Future Seasons Past
February 28 – April 18, 2015
536 West 22nd Street & 201 Chrystie Street, New York
The eye fell in love with the ear
October 30 – December 28, 2013
201 Chrystie Street
Museum Exhibitions & Projects
Collateral event of the Venice Biennale
Berengo Centre for Co...
Glasstress 2013: White Light/White Heat
June 1 – November 24, 2013
Sculptor taken by the raintree The Straits Times
March 29 2016
Shirazeh Houshiary & Sue Hubbard: In Conversation Singapore Tyler Print Institute
March 18, 2016, 2:30PM
Singapore Tyler Print Institute (STPI)
41 Robertson Quay, Singapore 238236
Shirazeh Houshiary Hong Kong Tatler
December 10 2015
Shirazeh Houshiary, Through Mist, Lehmann Maupin Aesthetica Magazine
December 6 2015
An Artist and a Poet on the Dream of Immortality T Magazine
November 13 2015
Shirazeh Houshiary, Through Mist Canvas Magazine
October 31 2015
November 18, 2013
May 30, 2013
Time Out New York
April 29, 2010
The Independent Lisson Gallery
June 25, 2008
May 31, 2008
The New York Sun
April 28, 2008
April 24, 2008
Art in America
March 31, 2004
December 31, 2003
June 30, 2000
December 31, 1999
Art in America
October 31, 1999
October 31, 1999
From Form to Formlessness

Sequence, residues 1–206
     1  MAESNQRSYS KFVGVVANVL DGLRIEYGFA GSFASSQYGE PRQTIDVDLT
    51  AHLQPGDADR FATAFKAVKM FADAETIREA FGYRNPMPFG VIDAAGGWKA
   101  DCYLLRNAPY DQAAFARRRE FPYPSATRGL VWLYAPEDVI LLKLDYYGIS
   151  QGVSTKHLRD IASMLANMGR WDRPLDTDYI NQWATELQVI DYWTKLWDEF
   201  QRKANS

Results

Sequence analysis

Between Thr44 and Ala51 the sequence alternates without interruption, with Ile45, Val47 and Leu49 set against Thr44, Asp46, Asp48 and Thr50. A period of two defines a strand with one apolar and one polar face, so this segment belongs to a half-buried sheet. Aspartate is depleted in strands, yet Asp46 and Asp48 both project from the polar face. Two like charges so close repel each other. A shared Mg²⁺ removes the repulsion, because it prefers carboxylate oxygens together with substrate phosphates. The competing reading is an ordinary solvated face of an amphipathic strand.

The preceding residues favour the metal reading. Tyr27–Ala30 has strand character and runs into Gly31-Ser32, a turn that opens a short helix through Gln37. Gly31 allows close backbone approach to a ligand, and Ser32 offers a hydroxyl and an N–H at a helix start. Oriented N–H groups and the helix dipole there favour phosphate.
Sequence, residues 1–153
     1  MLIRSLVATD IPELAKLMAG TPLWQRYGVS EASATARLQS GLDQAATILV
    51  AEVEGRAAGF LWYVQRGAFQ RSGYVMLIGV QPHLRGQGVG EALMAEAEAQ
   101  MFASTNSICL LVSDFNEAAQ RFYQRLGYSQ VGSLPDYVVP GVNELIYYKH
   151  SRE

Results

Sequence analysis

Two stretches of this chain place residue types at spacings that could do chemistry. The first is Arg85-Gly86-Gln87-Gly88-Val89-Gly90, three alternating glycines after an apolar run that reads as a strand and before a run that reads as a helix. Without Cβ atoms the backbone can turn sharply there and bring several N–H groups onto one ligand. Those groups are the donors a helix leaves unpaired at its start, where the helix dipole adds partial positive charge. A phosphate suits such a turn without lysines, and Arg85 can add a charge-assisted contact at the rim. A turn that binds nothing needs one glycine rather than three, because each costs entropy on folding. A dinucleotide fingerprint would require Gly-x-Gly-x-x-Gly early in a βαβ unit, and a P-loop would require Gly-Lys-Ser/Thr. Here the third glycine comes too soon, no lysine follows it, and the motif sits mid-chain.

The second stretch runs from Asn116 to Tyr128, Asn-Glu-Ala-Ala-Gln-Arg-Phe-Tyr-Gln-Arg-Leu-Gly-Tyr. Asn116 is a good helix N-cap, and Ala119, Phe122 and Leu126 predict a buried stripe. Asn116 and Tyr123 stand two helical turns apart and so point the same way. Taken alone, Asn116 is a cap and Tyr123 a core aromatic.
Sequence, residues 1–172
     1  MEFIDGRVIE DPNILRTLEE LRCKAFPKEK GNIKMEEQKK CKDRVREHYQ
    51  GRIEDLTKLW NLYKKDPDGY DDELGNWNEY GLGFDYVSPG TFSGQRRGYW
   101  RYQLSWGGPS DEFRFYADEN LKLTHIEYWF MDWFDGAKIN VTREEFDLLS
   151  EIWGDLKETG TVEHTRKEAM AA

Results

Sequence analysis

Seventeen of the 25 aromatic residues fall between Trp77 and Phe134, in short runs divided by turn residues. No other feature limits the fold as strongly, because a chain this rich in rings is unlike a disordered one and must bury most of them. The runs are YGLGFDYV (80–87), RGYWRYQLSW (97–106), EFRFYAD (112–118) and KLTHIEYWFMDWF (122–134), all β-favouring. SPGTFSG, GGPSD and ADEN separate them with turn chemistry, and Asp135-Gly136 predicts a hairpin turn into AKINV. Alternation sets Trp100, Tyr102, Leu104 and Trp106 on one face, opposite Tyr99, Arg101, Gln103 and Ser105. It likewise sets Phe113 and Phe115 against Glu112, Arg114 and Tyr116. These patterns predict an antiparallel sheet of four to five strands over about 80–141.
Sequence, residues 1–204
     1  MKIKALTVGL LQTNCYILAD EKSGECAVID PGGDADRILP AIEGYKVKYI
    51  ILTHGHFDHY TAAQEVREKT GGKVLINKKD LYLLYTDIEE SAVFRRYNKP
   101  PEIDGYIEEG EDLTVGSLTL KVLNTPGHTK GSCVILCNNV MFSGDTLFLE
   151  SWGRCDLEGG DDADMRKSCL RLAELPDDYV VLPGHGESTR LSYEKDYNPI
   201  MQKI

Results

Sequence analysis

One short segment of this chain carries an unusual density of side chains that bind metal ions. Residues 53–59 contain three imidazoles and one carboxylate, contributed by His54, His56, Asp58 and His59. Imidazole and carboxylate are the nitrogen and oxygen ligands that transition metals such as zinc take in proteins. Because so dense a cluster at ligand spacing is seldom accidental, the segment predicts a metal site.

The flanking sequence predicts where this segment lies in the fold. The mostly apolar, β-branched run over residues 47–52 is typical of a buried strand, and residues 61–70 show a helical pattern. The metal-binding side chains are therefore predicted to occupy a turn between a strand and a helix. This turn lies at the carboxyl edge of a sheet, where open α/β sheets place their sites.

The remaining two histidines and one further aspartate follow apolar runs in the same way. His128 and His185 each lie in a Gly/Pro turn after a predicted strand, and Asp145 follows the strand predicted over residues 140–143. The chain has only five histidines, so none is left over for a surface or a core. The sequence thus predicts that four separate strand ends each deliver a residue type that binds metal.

A Conversation with Shirazeh Houshiary
By Anne Barclay Morgan
Born in Shiraz, Persia, in 1955, Shirazeh Houshiary moved to London in 1973, pursuing her studies at the Chelsea School of Art. She became well known in Europe for her sculptures and was included in the 1989 Paris exhibition of world art "Magiciens de la Terre." In her artwork, Houshiary seeks to embody spiritual principles in order to manifest invisible processes or the dematerialization of form. Her earlier sculptures, with titles such as The Angel with Ten Thousand Wings or The Earth is an Angel, of the late 1980s, were made predominantly of copper, at times combined with brass. These floor sculptures contain curves in abstract shapes that suggest calligraphy. In the 1990s, her sculptures became more geometric. For example, her four-part piece Turning Around the Centre is composed of cubes of lead with recessed sections lined with gold leaf. Exhibitions of the work included works of graphite and acrylic on paper accompanied by quotations from the 13th-century Sufi poet, Rumi. Her sculptures have been included in numerous indoor and outdoor exhibitions, and she was nominated by the Tate Gallery for the Turner Prize in 1994. In September of 1999, she exhibited a new body of work at Lehmann Maupin Gallery in New York, in which she wanted to break through notions of specific media and specific nomenclature. Although her new work could be considered two dimensional, she advocates for it to be considered neither two-dimensional nor three-dimensional.
Anne Barclay Morgan: What is the evolution of your new work?